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Tour Shing Mun Redoubt with an Expert Military Guide

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The battle for Hong Kong, of 18 days duration from 8 to 25 December 1941, was not of course confined to Hong Kong island. In fact, the first static line of defence constructed by the British military authorities was the Gin Drinkers Line; a 13 mile Maginot-type line of pillboxes, look-out positions and artillery observation posts which snaked through very difficult countryside north of Kowloon. The lynch-pin of this position was the Shing Mun Redoubt, which comprised a number of pillboxes linked by an intricate tunnel network, together with the Command Post and the principal artillery observation post for the whole position. Woefully undermanned by far too few defenders for which it was established, the Redoubt fell to the invading Japanese army on the night of 9/10 December 1941, following which the defending British and Indian forces evacuated the mainland of Kowloon and the New Territories and retreated to Hong Kong island. Although heavily overgrown, many of the military features of the Shing Mun Redoubt, overlooking the reservoir of the same name and located in what is now the scenic Shing Mun Country Park, can still be visited. Our expert military guide will take you on a tour of the area and describe in detail the events leading to the battle which occurred at that location, as well as the actual fighting which occurred on the night of 9 December 1941.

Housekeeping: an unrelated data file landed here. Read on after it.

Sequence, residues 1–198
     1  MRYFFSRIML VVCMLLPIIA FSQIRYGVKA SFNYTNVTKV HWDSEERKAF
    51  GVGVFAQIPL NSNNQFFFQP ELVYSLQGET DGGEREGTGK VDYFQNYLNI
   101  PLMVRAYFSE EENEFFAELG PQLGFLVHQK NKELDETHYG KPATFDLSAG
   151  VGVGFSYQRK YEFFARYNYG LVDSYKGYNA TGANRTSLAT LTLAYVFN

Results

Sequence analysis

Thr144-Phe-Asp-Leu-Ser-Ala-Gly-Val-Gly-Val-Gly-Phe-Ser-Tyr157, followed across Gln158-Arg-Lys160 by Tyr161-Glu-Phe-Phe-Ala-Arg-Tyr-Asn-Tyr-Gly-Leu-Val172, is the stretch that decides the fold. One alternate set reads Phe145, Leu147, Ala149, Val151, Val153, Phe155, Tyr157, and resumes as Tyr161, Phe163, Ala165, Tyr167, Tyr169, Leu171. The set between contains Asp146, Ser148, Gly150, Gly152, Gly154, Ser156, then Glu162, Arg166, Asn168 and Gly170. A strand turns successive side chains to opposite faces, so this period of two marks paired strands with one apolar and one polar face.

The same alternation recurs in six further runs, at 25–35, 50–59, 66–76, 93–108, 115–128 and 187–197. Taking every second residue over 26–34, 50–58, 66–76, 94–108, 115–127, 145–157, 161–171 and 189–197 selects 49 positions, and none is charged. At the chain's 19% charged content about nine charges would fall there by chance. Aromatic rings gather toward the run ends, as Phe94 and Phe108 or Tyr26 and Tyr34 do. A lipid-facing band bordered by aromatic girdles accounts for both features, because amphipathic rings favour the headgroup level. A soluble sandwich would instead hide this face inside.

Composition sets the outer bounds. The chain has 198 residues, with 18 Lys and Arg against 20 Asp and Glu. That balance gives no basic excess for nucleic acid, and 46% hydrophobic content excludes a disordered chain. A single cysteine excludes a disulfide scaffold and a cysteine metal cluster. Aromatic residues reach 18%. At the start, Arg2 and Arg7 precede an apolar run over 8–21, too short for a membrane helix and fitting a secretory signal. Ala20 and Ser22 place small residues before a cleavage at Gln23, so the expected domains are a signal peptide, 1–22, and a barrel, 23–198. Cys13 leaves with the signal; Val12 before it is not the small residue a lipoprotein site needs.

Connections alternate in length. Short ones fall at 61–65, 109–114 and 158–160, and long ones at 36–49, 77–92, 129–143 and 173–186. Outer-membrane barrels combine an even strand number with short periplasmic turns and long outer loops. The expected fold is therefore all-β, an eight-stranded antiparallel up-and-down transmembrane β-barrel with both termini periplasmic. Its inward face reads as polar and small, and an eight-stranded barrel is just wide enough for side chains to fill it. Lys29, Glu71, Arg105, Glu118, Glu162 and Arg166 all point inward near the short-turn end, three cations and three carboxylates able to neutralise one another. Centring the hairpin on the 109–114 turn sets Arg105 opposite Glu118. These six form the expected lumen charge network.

The battle for Hong Kong, of 18 days duration from 8 to 25 December 1941, was not of course confined to Hong Kong island. In fact, the first static line of defence constructed by the British military authorities was the Gin Drinkers Line; a 13 mile Maginot-type line of pillboxes, look-out positions and artillery observation posts which snaked through very difficult countryside north of Kowloon. The lynch-pin of this position was the Shing Mun Redoubt, which comprised a number of pillboxes linked by an intricate tunnel network, together with the Command Post and the principal artillery observation post for the whole position. Woefully undermanned by far too few defenders for which it was established, the Redoubt fell to the invading Japanese army on the night of 9/10 December 1941, following which the defending British and Indian forces evacuated the mainland of Kowloon and the New Territories and retreated to Hong Kong island. Although heavily overgrown, many of the military features of the Shing Mun Redoubt, overlooking the reservoir of the same name and located in what is now the scenic Shing Mun Country Park, can still be visited. Our expert military guide will take you on a tour of the area and describe in detail the events leading to the battle which occurred at that location, as well as the actual fighting which occurred on the night of 9 December 1941.

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